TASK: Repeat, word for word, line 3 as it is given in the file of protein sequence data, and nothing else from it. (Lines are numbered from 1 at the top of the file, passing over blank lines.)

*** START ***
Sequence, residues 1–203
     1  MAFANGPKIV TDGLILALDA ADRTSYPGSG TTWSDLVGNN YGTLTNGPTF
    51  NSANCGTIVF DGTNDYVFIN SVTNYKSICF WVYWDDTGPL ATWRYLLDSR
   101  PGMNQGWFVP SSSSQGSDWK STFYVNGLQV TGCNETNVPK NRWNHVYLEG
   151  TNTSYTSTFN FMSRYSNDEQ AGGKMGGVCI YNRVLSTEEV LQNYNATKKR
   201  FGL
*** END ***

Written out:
    51  NSANCGTIVF DGTNDYVFIN SVTNYKSICF WVYWDDTGPL ATWRYLLDSR